Need help constructing a timer relay

Discussion in 'The Projects Forum' started by Speedjayg, Dec 13, 2012.

  1. Speedjayg

    Thread Starter New Member

    Dec 13, 2012
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    I was reading some forums about the 555 timer and i have a problem somewhat related to it. I have a device that is motion activated that powers and Solenoid for approximately one second, my goal is that when the motion switch is activated that i can adjust the amount of time current is flowing through the electromagnet(maybe have current flow through the solenoid between 1-5 seconds). I was curious if there is anyway possible to have the current flowing through the electromagnet adjustable by time? Thank you in advance.
     
  2. #12

    Expert

    Nov 30, 2010
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    Sure. Here's how you do it.
     
  3. KMoffett

    AAC Fanatic!

    Dec 19, 2007
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    You sent me a PM, but have your profile is set to NOT receive PMs.
    Better to get your questions answered here.

    Can you post information on the motion sensor, the solenoid, and your power source.

    Ken
     
  4. Dodgydave

    Distinguished Member

    Jun 22, 2012
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    Last edited: Dec 14, 2012
  5. DenzilPenberthy

    New Member

    May 28, 2012
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    Hi,

    If you want to save yourself having to design and build something, you can buy a ready made time delay relay. These are used a lot in industrial automation. It works just like a normal relay except there is a dial on the top that lets you select how long the relay stays energised for after you trigger it.

    Like this:
    http://uk.farnell.com/aromat-f-a/pmh-10m-ac120v/time-delay-relay/dp/1945520

    but you'll have to find one with suitable coil voltage and contact current/voltage ratings for your application.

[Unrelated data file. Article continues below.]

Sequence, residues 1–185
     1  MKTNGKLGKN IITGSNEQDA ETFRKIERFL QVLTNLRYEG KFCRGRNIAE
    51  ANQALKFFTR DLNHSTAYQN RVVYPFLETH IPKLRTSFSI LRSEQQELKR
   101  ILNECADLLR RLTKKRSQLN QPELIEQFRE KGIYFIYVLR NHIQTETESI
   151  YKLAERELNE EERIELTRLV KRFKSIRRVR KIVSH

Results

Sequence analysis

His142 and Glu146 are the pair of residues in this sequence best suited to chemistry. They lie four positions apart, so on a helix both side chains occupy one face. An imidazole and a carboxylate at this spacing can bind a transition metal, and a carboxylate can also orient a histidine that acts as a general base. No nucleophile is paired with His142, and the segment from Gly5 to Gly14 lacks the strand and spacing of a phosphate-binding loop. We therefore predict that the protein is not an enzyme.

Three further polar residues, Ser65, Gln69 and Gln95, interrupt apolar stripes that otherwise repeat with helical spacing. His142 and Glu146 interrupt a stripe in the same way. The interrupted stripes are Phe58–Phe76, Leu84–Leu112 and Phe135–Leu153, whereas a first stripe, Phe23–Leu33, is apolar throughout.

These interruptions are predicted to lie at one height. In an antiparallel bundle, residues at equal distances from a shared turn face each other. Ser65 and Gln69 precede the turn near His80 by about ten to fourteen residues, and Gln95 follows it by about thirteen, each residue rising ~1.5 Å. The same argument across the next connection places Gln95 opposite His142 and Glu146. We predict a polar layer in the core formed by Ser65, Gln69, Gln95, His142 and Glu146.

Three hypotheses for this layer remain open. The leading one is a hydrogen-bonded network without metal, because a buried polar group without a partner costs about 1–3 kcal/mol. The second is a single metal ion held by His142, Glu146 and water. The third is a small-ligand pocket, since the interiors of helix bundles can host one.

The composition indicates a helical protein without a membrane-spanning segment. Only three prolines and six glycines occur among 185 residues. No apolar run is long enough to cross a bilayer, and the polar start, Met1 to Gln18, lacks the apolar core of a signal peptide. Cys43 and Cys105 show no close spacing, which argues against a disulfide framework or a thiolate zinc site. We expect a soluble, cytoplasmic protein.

6. Speedjayg

    Thread Starter New Member

    Dec 13, 2012
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    Thanks for all the quick replies. I am trying to use a Purell Hand Sanitizing Machine and work off of that. I'm sure many have seen how these operate but there are two motion sensors at the bottom of the device and when your hand is underneath some soap is dispensed. I would like to be able to control the time current is flowing through the solenoid, so when i wave my hand under the device more fluid will exit. Here is a picture of the inside of the machine.[​IMG]
     
  7. #12

    Expert

    Nov 30, 2010
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    I would expect a fixed amount of soap per stroke, so time engaged would not change anything. Have you checked to see if this is designed so that your idea won't work?
     
  8. Speedjayg

    Thread Starter New Member

    Dec 13, 2012
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    Yes i have recently found out that and that has put an end to the previous idea. But i have a new thought that should be fairly simple but i dont know how i will wire up the motion sensors to it. I would like the motion sensors being a relay to turn on a timer circuit maybe like this one (http://www.apogeekits.com/interval_timer_555.htm) i want an adjustable timer, even though this is an interval timer i think it would work. Then from that timer circuit i could have it powering a 12v water pump (http://www.skycraftsurplus.com/12vdcminiwaterpump.aspx?gclid=CLz1htLunLQCFYw-MgodCAsA2g) So when the motion sensors pick up motion the pump distributes a certain amount of liquid.
     
  9. #12

    Expert

    Nov 30, 2010
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    Great! This almost makes up for the stupid answer I gave for "finding current" yesterday.:p
     
  10. Speedjayg

    Thread Starter New Member

    Dec 13, 2012